Construction company increases profits and efficiency With ELIV8

Empire Construction & Technologies specializes in putting your house back together after a flood, a fire or when the bathroom pipes spring a leak and you need to replace the soggy kitchen directly underneath the bathroom.


It’s a crowded industry populated by a mix of big professional firms along with 3 man shops run by contractors who tired of working for someone else and wanted to strike out on their own.


Empire falls into the middle ground, started by 2 contractors and gradually growing into a million dollar business with plenty of money in the bank, happy customers and even happier owners. Everything was practically running on autopilot, so the partners decided to purposely grow the business “to the next level”. After a couple years of aggressive growth, Empire indeed found itself with a 3 million dollar annual run rate, but with customers that weren’t as happy as before, and ownership that frequently had to lend the business money to make payroll. How did this happen? And how did ELIV8 help Empire right the ship?

250K to 350K







The restoration construction business model is unforgiving. Heavily tied to the insurance industry (as it is usually the insurance company that pays the contractor, not the homeowner), businesses like Empire tie themselves into a network that gives them first shot at remediating homeowner disasters. But that spot at the head of the line comes with various caveats. First, when a new project comes across the network, Empire is literally on the clock to respond. Respond too slowly more than once and Empire could be kicked off the network.


Along with speed, quality counts. If too many projects result in low customer service marks from the homeowner, Empire could find itself on the outside looking in the next time around.


All of this can be overcome with tight processes and a solid workforce. But perhaps the most unforgiving aspect of the restoration business model is how everyone gets paid – something Empire literally has no control over.


Much like an HMO, the insurance industry has a fixed price list. For project “x”, the contractor gets paid “y”. There is no bidding. Margins are locked in. It’s up to the contractor to keep costs down in order to secure a profit.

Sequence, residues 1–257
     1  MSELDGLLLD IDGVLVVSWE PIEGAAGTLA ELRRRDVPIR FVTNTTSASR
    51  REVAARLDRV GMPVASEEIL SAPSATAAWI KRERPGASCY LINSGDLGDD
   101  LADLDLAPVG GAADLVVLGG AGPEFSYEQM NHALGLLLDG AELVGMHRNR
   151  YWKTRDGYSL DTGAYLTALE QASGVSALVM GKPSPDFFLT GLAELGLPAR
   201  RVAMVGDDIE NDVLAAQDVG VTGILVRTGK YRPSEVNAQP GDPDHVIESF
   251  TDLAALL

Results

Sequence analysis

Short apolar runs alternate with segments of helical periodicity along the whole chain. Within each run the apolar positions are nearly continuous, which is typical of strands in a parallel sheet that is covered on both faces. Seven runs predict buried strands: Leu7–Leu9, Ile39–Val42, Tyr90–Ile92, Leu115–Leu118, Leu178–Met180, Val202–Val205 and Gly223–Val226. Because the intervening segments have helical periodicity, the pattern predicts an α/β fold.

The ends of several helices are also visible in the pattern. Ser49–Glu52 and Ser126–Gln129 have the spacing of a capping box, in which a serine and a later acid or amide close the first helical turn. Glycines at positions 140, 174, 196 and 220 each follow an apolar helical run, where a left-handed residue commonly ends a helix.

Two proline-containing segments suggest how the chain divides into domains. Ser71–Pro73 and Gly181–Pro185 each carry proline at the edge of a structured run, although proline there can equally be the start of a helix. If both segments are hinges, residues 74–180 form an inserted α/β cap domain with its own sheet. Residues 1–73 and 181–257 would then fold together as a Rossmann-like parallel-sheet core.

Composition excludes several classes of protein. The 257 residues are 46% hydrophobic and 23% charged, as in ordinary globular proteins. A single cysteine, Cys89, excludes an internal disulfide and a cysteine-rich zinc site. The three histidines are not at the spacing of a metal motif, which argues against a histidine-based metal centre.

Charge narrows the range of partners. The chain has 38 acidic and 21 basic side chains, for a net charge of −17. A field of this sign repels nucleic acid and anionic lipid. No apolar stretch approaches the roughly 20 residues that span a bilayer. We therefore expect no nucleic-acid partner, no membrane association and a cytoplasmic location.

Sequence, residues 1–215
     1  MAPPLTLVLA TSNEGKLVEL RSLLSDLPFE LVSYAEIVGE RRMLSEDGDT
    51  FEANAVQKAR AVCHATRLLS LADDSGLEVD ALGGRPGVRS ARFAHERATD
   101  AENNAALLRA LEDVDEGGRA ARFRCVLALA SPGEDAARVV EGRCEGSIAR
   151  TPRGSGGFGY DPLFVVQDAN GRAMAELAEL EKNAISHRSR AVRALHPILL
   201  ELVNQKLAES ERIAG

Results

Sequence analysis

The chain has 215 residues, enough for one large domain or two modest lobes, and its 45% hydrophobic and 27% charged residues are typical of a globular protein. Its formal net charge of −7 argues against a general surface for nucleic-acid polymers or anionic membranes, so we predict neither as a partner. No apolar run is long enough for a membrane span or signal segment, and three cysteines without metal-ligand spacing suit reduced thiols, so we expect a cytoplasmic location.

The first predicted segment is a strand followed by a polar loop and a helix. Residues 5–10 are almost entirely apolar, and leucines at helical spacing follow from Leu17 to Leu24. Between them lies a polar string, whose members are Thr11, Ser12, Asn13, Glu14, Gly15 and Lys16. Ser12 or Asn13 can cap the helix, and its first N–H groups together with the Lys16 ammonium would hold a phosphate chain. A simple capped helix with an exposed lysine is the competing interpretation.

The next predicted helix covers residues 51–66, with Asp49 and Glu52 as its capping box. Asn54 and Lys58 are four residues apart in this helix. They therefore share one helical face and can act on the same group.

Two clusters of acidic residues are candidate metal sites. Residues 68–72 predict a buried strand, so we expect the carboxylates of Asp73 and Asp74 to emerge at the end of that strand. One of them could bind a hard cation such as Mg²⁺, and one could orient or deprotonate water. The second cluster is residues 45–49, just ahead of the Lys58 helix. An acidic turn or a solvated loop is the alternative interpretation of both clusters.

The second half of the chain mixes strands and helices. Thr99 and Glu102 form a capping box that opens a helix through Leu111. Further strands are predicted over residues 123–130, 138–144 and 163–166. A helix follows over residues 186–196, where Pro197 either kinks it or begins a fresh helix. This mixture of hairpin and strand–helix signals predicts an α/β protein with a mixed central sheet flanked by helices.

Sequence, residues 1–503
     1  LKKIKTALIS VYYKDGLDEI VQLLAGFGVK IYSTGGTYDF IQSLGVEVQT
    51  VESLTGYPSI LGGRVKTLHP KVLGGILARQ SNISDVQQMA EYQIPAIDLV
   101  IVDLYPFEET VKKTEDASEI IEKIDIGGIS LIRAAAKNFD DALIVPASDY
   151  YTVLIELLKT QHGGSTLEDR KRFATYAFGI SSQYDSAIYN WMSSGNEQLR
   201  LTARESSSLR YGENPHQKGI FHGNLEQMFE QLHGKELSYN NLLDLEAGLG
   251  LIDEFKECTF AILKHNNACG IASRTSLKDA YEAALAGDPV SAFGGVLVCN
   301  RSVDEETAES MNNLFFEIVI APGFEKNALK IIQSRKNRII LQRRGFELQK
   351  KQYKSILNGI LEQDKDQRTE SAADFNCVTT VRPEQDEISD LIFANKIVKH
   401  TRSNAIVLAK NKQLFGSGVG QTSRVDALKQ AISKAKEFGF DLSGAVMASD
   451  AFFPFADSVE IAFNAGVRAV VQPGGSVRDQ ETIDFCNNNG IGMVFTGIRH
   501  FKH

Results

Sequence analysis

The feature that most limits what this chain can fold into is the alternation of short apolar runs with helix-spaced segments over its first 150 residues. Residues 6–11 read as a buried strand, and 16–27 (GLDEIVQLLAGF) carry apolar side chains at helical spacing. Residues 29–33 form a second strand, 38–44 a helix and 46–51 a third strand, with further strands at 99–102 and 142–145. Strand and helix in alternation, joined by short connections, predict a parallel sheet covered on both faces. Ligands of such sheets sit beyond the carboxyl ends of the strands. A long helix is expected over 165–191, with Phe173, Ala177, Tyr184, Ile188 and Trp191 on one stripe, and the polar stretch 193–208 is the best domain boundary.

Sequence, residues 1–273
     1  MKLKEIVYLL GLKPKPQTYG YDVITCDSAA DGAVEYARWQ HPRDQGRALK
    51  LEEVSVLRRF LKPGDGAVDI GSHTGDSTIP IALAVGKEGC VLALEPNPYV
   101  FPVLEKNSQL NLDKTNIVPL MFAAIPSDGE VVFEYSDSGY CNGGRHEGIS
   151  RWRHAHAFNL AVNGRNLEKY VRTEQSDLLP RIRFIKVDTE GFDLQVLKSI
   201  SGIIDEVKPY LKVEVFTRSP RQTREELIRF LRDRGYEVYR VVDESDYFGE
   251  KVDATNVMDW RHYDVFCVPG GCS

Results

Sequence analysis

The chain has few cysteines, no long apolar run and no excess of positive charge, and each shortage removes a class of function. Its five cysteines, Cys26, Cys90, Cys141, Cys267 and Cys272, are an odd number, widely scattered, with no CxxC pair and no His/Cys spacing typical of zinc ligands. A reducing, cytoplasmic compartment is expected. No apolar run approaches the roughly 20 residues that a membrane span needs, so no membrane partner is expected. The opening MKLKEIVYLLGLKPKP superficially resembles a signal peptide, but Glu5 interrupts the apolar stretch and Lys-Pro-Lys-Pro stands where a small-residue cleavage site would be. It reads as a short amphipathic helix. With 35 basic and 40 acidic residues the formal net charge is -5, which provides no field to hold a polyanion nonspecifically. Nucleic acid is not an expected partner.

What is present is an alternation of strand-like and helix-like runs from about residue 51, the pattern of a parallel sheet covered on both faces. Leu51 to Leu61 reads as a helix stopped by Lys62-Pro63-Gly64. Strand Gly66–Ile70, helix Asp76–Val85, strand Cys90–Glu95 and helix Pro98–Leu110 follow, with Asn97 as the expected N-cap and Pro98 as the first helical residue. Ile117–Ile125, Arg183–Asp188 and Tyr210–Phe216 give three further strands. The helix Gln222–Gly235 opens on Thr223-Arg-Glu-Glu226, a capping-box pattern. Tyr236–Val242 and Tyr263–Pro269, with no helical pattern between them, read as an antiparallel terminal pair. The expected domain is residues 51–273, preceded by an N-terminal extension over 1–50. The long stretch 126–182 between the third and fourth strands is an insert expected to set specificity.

And finally, the contractor gets paid last – after the work is completed and the homeowner and the insurance adjustor signs off. This means that Empire must spend all the labor and materials costs first and wait to be reimbursed weeks later.


In order to make this model work, contractors must know exactly what their costs are, employ proper project management practices to manage those costs at the individual job level and be astute financial managers so there is always enough in reserve to cover the “float” between costs out and revenue in.


So in a very unintuitive way, the more projects you get, the more money you have to spend. This was the situation Empire Construction found itself in. With every great month, a little more of the reserve was tapped. With no formal systems to track job profitability and no formal project management training, there was no way to know if costs were consistently under the fixed revenue for each job.


Of course with growth comes more overhead. Workers were hired to staff the new jobs, additional vehicles were leased, materials costs increased, new bigger offices were needed. And without a seasoned accountant on staff (and no formal finance training in management), there was no way to forecast the long term affects until one day, the reserve was gone and management was routinely injecting the business with cash to stabilize the cash flow.


It was at this time that ELIV8 was brought in to fix the situation.


After a quick assessment, it was very clear that Empire would need to increase revenue in order to tread water while more permanent measures could be developed to stabilize costs and eventually fix Empire’s cash flow issues without negatively affecting the customer satisfaction results that were key to remaining in the insurance industry’s referral network.


ELIV8 immediately deployed sales pipeline software. Not only did this give Empire’s management project visibility up to 90 days in the future (something it previously never had), it also allowed new compensation plans to be implemented that were heavily revenue based. This required a level of re-training as well as a sea change in attitude from the project managers who were formerly concerned exclusively with project execution. A company sales goal was implemented. If numbers fell short, paychecks would be negatively (but equally) impacted. If numbers were over-achieved, take home pay would increase.


This new “skin in the game” approach also had the side benefit of weeding out those risk-averse employees who were less than 100% committed to Empire’s success. The reduction in headcount had an immediate impact on the bottom line.


The net result was a tripling of the company’s sales pipeline value within 60 days.


With revenue stabilized and increasing, it was time to address business processes, which would lead to accurate measurement of costs. Once costs were identified, they could be reduced.